What are the main differences between prime and sub-prime applications?
Essentially, there is no difference between them. With both prime and sub-prime applications, the mortgage adviser must look carefully at lenders’ product criteria, to see which lender and product matches their client’s needs.
The two types of application start to diverge when a mainstream lender has fairly standard credit criteria and makes extensive use of credit scoring (for example, a few products designed for bulk lending) and a sub-prime lender offers many products to cater for specialist needs. Here, the specialist lender is always trying to strike a balance between security and risk. For example, if the LTV is low, specialist lenders may be happy to allow a higher degree of adverse credit, or, if the LTV is relatively high, the lender may want to see full documentary proof of earnings rather than allowing self-certification.
The resulting portfolio of products will mean the adviser dealing with a non-mainstream client must look more carefully at the lender’s criteria than when dealing with a mainstream applicant.
How much adverse credit does it take to make an applicant sub prime?
The idea of adverse and sub-prime credit is not a description of a certain kind of applicant per se. It is a by-product of the growth of credit scoring and credit referencing used by mainstream lenders to, in effect, make the lending decision for them. Before the mid-1990s, the sub-prime mortgage market did not exist because anyone with a past history of credit problems could simply not get a mortgage at all. Since then, a number of lenders have been willing to take a higher level of risk than high street lenders, and have produced products for borrowers who have had credit problems in the past.
The classic categories for grouping such borrowers is by asking how many county court judgements (CCJs) and arrears they have, and whether they have been bankrupt or are involved in an individual voluntary arrangement (IVA) with their creditors. However, there are many other factors that will cause borrowers to be declined by credit scoring systems. It is a matter of advisers getting a good feel for what sort of applicant the various specialist lenders can cater for, and then matching them to each client.
Why are interest rates for sub-prime mortgages higher than for mainstream?
This is the simple economics of risk and rewardš that is common to all financial services products. A good analogy is that of motor insurance or private health insurance. Those with a history of claims, or a lifestyle that is known to be high riskš will have to pay a relatively higher premium for cover. Similarly, those with a history of credit difficulties are classed as high risk, so lenders need to charge a premium to cover that.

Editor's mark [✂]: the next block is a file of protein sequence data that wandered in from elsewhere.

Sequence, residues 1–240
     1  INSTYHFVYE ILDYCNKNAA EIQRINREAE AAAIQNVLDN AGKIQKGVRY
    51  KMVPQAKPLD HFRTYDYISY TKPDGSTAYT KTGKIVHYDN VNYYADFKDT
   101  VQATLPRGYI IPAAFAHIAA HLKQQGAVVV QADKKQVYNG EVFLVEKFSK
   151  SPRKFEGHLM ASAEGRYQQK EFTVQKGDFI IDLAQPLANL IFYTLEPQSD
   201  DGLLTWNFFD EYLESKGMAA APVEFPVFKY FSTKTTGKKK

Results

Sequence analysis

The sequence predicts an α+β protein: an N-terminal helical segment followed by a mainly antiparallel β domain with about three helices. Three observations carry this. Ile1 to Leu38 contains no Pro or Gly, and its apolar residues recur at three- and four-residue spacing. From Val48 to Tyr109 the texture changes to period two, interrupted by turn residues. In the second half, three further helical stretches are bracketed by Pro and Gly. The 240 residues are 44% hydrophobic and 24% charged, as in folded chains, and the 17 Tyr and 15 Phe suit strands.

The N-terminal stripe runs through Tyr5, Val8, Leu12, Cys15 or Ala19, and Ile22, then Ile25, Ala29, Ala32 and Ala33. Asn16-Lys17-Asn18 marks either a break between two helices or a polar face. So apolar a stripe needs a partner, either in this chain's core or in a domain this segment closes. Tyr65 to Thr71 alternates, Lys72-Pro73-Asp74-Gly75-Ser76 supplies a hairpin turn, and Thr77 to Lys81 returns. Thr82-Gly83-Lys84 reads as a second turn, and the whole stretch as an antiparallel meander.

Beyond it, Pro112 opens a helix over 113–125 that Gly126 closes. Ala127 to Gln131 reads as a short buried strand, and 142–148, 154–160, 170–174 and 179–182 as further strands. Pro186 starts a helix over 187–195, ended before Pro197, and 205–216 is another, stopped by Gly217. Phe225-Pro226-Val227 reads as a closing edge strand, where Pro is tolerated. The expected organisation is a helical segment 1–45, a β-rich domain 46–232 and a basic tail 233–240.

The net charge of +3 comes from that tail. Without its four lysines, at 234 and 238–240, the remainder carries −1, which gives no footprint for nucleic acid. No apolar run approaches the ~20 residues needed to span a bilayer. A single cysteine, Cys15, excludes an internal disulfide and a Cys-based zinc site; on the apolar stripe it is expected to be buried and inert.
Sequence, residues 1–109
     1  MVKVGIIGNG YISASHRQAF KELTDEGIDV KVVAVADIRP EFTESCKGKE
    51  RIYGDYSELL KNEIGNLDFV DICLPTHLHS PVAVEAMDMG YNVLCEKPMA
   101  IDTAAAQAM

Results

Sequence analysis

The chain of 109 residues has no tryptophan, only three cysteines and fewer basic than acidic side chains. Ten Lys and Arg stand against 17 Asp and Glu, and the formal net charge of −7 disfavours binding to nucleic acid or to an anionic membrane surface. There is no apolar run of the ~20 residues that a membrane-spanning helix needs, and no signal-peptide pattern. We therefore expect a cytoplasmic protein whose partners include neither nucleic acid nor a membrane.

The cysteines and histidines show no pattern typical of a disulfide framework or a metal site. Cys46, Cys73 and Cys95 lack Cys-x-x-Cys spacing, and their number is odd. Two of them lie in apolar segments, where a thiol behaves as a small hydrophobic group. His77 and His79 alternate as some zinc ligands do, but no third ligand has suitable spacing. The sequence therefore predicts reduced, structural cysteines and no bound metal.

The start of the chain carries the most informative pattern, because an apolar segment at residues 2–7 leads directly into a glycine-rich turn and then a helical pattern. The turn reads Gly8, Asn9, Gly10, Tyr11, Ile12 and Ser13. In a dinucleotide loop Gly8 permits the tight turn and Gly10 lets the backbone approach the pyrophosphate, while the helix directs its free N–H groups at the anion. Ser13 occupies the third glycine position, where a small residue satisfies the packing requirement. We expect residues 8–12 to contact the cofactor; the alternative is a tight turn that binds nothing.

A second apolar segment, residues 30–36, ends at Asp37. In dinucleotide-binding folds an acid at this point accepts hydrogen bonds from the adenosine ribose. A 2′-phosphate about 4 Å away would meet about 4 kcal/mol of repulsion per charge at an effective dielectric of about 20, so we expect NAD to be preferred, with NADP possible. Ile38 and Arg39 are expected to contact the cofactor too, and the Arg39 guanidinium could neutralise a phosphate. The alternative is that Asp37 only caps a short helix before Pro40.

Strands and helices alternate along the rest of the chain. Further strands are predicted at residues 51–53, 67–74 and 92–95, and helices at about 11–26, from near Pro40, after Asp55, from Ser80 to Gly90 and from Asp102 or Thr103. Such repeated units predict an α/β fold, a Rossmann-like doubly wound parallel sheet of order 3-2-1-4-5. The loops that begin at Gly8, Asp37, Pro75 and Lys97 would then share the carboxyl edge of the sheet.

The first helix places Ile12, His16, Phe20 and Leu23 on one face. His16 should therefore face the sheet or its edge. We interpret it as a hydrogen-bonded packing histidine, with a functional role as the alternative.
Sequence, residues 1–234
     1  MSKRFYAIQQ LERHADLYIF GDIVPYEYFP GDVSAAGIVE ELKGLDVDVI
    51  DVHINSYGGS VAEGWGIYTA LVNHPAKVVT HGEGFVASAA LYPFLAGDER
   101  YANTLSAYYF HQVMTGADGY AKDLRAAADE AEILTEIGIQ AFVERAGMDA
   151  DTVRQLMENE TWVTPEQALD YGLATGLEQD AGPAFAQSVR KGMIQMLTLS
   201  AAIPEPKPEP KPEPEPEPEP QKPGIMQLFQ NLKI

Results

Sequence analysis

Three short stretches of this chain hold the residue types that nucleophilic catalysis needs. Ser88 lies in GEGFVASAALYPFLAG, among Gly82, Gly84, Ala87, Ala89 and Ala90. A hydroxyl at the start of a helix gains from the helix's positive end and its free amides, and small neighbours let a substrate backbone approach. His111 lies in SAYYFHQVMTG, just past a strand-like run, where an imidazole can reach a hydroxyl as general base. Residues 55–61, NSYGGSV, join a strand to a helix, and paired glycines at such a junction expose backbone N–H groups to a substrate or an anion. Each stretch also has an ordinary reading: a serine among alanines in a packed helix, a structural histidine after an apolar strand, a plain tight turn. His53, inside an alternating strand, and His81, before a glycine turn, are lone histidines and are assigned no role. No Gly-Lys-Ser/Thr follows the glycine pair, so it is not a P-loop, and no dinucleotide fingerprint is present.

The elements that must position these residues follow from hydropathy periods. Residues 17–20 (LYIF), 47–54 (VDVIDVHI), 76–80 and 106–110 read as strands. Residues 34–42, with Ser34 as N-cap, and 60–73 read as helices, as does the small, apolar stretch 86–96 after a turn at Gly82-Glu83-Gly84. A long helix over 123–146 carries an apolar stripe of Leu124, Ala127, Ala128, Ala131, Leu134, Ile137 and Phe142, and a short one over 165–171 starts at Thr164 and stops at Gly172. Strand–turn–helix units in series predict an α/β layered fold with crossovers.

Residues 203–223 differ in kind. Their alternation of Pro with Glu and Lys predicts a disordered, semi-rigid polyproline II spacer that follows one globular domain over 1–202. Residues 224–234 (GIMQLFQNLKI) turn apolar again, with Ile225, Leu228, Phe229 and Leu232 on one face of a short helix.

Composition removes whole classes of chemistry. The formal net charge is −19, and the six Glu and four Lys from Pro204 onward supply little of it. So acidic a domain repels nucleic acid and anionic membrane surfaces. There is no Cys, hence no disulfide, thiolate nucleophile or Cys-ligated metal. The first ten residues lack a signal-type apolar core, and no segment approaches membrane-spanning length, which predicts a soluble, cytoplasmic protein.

What are the most common mistakes made on sub-prime applications?
These will be the same for specialist lending as they are for mainstream. For example, not supplying the specified documentation, missing out questions or even the applicant not signing the form. Also ‘ and this is not something the mortgage adviser can always guess in advance ‘ applicants sometimes forget or gloss over their history, without realising that further credit status searches will come up with a different history of addresses, or more overall outstanding adverse credit than the applicant originally stated.
Why do most sub-prime applications go through packagers?
Most specialist lenders use highly experienced underwriters to make the lending decisions. In order for them to do their job effectively, they need a stream of properly completed applications, with documentary back-up where necessary. By using specialist and experienced packagers to filter applications from individual brokers, lenders can be sure they will receive well-packaged applications.
How can advisers ensure a quick decision on sub-prime applications?
We always work on the principle that, in specialist lending, a quick decision is more important to applicants than any other service element. This is just as necessary when declining applications as it is when making an offer. In short, there are a few golden rules to remember:
• Do not ignore questions on the form that look awkward for the applicant to complete in the hope the lender will not notice. It will just cause delays.
• Do not send in extra information on one topic, in the hope this will compensate for a lack of information in another area. Again, all this will do is cause unnecessary delays.
• If there are mitigating circumstances for the borrower’s past problematic credit history include a short written explanation.
• Title insurance can speed up applications considerably, so it is worth getting to know about it, and which lenders specify it.
• If speed is important to your clients, and you need a decision and/or completion quickly, then place the application with a lender who is known to you either by experience or reputation as one that can guarantee a quick turnaround.
Stuart Aitken is director of credit at Southern Pacific Mortgage Limited (SPML)